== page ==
Identifying the huge opportunity available in the Indian solar power market, Chinese cell and module manufacturer Longi Green Energy Technology has announced plans to set up a fabrication unit in India. Construction on the facility will likely begin by the year’s end.
Longi will set up solar cell and modules manufacturing facilities, each of 500 megawatts capacity, through its Indian subsidiary Lerri Solar Technology India. The unit will come up at Sri City, Andhra Pradesh in southern India.
Lerri Solar Technology India will invest Rs 1,500 crore on the manufacturing facility ($235 million) and employ around 1,000 people. The company will manufacture monocrystalline solar cells and modules with an aim to meet domestic Indian demand and export to other countries. This will be Longi’s second overseas manufacturing facility; a fabrication unit is already operational in Malaysia.
India has plans to set up 100 gigawatts of solar power capacity by March 2022 spread across solar power parks, utility-scale projects, and rooftop solar power systems. This represents a massive opportunity for domestic as well as foreign module manufacturers.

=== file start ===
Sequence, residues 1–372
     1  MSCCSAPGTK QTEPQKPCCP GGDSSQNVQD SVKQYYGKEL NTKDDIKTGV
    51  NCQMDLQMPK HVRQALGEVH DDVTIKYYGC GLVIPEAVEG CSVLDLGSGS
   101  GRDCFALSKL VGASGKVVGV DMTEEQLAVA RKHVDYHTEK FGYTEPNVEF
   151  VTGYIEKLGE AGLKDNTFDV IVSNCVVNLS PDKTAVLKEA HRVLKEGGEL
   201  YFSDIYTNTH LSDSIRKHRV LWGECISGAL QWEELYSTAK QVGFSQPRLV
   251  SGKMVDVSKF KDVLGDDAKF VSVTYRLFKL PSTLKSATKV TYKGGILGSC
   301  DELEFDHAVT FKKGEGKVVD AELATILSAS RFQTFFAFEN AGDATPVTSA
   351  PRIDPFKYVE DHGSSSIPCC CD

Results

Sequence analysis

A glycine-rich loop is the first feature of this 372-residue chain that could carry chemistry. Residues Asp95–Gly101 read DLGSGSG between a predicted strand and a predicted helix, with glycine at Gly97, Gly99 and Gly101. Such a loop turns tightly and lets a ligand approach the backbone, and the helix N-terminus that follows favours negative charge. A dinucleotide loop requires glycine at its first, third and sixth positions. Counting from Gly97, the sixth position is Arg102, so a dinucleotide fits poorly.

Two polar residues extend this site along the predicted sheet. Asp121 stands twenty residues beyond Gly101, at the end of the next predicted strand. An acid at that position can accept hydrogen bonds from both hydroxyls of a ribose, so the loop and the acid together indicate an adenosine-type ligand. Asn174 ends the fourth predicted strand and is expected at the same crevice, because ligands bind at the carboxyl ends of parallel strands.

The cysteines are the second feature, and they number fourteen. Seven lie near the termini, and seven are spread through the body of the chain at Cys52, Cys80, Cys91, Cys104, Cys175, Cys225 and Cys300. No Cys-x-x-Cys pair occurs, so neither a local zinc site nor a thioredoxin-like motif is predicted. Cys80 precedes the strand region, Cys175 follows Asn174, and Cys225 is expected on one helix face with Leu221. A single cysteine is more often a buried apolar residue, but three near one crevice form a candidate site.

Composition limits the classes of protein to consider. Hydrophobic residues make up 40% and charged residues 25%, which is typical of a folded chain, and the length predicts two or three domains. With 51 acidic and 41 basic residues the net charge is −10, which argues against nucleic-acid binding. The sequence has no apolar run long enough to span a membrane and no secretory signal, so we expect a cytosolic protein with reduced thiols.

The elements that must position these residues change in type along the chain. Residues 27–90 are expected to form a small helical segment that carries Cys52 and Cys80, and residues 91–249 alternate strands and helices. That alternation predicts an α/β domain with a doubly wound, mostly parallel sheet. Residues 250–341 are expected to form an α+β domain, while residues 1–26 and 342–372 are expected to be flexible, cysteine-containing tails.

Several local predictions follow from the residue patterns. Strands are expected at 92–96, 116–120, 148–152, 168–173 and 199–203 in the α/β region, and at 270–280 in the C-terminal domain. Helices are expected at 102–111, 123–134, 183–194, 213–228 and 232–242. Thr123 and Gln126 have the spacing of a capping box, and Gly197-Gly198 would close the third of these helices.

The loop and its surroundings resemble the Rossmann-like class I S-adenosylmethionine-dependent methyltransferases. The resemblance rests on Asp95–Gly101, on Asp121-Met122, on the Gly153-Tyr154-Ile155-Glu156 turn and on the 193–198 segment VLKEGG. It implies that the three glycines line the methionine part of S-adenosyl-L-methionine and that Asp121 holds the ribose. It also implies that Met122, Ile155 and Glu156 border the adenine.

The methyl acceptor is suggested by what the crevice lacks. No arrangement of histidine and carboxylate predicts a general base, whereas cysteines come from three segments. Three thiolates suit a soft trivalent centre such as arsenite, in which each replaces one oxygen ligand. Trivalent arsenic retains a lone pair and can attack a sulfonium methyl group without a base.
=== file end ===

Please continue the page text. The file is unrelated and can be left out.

Indian manufacturing capacity lags the amount of solar power capacity likely to be added in the coming years. A record 5,526 megawatts of solar PV capacity was added in India during April 2016 and March 2017. In comparison, as of 31 December 2016, 6,913 megawatts of solar modules manufacturing capacity was installed in the country; of this only 76% (or 5,867 megawatts) capacity was operational.
Solar cells capacity is even lower at just 1,753 megawatts installed and 1,448 megawatts operational.
Industry watchers have repeatedly stated that India’s domestic solar cells and modules manufacturing capacity is insufficient to meet the rapidly growing demand from developers. This is somewhat proved by the capacity addition target set by the Ministry of New & Renewable Energy as well as what is expected by industry watchers.
The Ministry has set a target to set up 10,000 megawatts between April 2017 and March 2018. Ratings agency ICRA expects 7,500 megawatts of capacity to be added in the current financial year while the research firm Mercom Capital expects the same capacity to be added during the current calendar year.
Additionally, the Indian government has started anti-dumping investigations into Chinese solar imports. A 2013 government study had proposed to levy duties ranging from $0.11 to $0.81 per watt on modules imported from the US, China, Malaysia, and Chinese Taipei. Having a manufacturing facility in India will enable the company to circumvent any potential anti-dumping duties from not only India but also other countries including the EU and United States.